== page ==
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SIMalliance REPORTS 4.2 BILLION GLOBAL SIM SHIPMENTS IN 2013

Significant increases in high-end SIMs drive expansion of key markets and provide strong base for NFC roll-out; 5% reduction of total market caused by effect of prepaid regulation on low-end SIM volumes in Asia, although recovery is already evident

The SIMalliance membership, which represents approximately 86% of the global SIM market, has reported SIM shipment volumes totalling 4.2 billion units for 2013, compared to 4.6 billion in 2012. The estimated total available market in 2013 was 4.85 billion units, compared to 5.1 billion in 2012.

The 5% reduction in the estimated total available market results from a decline in low-end SIM shipments across Asia – particularly in India – following the introduction of regulation which requires prepaid SIM customers to be formally identified and registered. While the regulation had a notable impact on the market in 2013, the region has adapted swiftly to the new requirements and recovery was evident even in the most affected countries towards the end of the year. The outlook is therefore that the market will return to normal and further growth is anticipated.

Elsewhere around the globe, there has been significant year-on-year growth in SIM shipment volumes:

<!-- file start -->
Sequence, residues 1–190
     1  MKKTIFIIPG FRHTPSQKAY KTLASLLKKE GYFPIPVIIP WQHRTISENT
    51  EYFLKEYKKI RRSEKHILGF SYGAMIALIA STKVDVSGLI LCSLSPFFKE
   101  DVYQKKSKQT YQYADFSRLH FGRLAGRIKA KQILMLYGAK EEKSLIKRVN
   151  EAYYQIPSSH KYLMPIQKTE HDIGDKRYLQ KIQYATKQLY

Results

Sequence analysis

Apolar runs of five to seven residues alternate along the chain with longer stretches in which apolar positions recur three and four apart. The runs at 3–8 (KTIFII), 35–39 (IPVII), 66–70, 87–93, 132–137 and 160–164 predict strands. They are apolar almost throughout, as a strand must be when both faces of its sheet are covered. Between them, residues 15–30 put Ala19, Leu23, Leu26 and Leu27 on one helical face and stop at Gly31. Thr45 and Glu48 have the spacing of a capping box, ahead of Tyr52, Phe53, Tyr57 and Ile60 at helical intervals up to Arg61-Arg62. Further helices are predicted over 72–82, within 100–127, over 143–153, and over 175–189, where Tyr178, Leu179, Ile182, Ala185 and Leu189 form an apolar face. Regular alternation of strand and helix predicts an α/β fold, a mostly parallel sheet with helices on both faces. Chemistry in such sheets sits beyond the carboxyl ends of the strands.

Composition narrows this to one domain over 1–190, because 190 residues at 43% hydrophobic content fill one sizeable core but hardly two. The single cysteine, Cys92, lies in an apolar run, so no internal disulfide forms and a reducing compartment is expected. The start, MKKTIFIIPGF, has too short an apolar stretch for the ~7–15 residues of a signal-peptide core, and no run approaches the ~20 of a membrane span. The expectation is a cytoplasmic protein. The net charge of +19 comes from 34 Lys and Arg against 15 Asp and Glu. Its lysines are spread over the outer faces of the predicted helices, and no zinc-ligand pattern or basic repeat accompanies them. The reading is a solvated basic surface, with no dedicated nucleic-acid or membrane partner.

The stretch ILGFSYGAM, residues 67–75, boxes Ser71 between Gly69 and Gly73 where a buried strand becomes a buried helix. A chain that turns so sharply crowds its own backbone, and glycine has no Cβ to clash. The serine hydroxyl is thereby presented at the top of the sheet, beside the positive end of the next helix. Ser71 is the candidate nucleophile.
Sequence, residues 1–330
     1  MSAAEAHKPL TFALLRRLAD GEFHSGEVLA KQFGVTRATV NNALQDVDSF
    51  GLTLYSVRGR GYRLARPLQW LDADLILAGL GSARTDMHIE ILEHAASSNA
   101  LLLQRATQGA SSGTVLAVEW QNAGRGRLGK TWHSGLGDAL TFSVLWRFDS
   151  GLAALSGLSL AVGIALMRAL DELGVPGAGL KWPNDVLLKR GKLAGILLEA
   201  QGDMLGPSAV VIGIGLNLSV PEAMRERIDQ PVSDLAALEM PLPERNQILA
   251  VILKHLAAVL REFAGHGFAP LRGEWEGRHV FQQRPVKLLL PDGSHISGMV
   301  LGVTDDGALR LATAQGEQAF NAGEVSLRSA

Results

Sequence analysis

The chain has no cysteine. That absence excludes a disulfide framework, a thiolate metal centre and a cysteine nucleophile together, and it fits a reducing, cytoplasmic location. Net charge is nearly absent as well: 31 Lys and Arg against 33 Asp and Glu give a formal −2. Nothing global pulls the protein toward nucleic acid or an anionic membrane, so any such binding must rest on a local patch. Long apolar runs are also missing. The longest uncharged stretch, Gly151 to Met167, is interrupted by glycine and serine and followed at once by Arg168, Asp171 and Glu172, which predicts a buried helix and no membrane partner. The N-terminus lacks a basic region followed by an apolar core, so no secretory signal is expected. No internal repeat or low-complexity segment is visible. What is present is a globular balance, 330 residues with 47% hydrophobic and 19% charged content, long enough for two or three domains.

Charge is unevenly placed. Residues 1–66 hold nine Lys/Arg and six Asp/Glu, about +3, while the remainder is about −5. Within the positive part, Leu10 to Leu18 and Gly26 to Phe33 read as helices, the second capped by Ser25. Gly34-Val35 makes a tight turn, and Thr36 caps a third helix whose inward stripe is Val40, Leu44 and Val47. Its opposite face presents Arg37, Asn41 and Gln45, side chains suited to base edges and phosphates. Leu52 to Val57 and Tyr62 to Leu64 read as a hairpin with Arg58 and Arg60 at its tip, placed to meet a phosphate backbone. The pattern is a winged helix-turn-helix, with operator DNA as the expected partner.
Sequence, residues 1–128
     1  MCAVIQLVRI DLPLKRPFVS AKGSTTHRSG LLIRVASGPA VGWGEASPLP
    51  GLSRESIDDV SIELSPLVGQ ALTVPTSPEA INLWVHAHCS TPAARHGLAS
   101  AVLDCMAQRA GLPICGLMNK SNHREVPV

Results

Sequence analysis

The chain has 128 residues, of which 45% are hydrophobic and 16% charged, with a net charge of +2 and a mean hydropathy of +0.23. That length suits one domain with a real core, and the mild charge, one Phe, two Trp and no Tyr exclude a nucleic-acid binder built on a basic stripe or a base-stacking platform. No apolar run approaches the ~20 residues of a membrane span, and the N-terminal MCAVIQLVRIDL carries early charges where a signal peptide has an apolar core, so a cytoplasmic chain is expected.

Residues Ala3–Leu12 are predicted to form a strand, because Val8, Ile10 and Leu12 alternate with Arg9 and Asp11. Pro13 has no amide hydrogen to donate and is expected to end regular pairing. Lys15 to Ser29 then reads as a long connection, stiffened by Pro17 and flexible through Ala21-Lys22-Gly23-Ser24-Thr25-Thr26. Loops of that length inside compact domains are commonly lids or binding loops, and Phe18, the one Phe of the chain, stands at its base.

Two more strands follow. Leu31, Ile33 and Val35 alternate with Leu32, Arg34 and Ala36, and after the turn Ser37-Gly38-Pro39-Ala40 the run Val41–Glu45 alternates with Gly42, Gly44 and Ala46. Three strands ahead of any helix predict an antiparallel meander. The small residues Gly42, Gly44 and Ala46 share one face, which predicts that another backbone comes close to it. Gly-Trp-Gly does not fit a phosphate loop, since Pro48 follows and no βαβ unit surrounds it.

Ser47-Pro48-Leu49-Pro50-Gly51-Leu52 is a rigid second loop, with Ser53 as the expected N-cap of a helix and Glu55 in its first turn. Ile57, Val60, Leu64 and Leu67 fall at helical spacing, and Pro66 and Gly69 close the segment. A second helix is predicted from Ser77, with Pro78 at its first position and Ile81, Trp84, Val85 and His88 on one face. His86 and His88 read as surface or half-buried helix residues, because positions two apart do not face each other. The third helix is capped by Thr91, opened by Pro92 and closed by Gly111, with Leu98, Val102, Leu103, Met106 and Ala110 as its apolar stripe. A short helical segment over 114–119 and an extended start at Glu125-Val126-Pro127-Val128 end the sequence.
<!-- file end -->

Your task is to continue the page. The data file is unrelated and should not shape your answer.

• Japan/Korea (+19%)
  • Americas (+11%)
  • MEA (+10%)
  • CIS Republics (+6%)

The primary growth factor in Japan/Korea and the Americas has been a surge in demand for high-end NFC and LTE SIMs, while subscriber acquisition is still fuelling growth in some African markets, particularly in sub-Saharan countries.

Globally, year-on-year NFC-enabled SIM shipments, as reported by SIMalliance members, have risen by 159% to 78m. The strongest NFC market was Japan/Korea (37m shipments), while North America (24m shipments) superseded Western Europe as the second largest NFC market in 2013. Market growth for NFC-enabled SIMs was reported across North America, Greater China, Pacific Asia, Japan/Korea and Europe.

Frédéric Vasnier
Frédéric Vasnier

2013 was the third consecutive year that significant shipments of NFC-enabled SIMs have been reported by the SIMalliance membership and each year has brought rapid growth across multiple markets; in 2011, there were 16m shipments of NFC-enabled SIMs, with a further 30m in 2012. This exponential growth trend is likely to continue in 2014.

With a cumulative total of 124m NFC-enabled SIM shipments in the past three years, and a growing base of NFC-enabled phones and NFC-ready Point of Sale (POS) terminals, there is now a far-reaching and stable infrastructure in place for the continued roll-out of NFC services globally. IHS Technology recently reported 275m global shipments of NFC-enabled mobile phones in 2013, with a further 416m – indicating growth of 50% – forecast to be shipped in 2014, while Berg Insights has estimated that 53% of the world’s POS terminals will be NFC ready by 2017.